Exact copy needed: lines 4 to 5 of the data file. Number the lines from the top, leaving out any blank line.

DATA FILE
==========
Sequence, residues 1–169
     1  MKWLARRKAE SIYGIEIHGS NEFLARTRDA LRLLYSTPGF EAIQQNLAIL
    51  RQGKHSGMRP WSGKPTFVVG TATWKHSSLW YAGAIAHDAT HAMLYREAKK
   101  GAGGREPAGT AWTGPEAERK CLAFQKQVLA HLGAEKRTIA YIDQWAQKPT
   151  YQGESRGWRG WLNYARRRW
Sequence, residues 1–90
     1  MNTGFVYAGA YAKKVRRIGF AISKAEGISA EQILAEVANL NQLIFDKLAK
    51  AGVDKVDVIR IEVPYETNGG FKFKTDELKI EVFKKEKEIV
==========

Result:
   101  GAGGREPAGT AWTGPEAERK CLAFQKQVLA HLGAEKRTIA YIDQWAQKPT
   151  YQGESRGWRG WLNYARRRW